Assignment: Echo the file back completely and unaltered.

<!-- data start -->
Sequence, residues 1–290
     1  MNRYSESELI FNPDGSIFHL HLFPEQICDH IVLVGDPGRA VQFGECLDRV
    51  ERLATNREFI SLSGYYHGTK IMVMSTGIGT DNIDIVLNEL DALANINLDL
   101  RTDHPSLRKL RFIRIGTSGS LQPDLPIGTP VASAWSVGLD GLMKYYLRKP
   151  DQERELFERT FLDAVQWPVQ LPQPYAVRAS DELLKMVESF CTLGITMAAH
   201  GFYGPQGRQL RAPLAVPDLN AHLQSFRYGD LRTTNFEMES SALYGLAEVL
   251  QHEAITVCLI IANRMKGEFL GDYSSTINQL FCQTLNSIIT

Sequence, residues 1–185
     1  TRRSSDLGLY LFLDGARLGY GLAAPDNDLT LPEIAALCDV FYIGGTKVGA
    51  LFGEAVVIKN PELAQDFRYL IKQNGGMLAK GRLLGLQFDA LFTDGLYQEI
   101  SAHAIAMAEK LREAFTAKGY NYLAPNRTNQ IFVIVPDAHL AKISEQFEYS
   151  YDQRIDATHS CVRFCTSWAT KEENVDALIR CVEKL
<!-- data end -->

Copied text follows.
Sequence, residues 1–290
     1  MNRYSESELI FNPDGSIFHL HLFPEQICDH IVLVGDPGRA VQFGECLDRV
    51  ERLATNREFI SLSGYYHGTK IMVMSTGIGT DNIDIVLNEL DALANINLDL
   101  RTDHPSLRKL RFIRIGTSGS LQPDLPIGTP VASAWSVGLD GLMKYYLRKP
   151  DQERELFERT FLDAVQWPVQ LPQPYAVRAS DELLKMVESF CTLGITMAAH
   201  GFYGPQGRQL RAPLAVPDLN AHLQSFRYGD LRTTNFEMES SALYGLAEVL
   251  QHEAITVCLI IANRMKGEFL GDYSSTINQL FCQTLNSIIT

Sequence, residues 1–185
     1  TRRSSDLGLY LFLDGARLGY GLAAPDNDLT LPEIAALCDV FYIGGTKVGA
    51  LFGEAVVIKN PELAQDFRYL IKQNGGMLAK GRLLGLQFDA LFTDGLYQEI
   101  SAHAIAMAEK LREAFTAKGY NYLAPNRTNQ IFVIVPDAHL AKISEQFEYS
   151  YDQRIDATHS CVRFCTSWAT KEENVDALIR CVEKL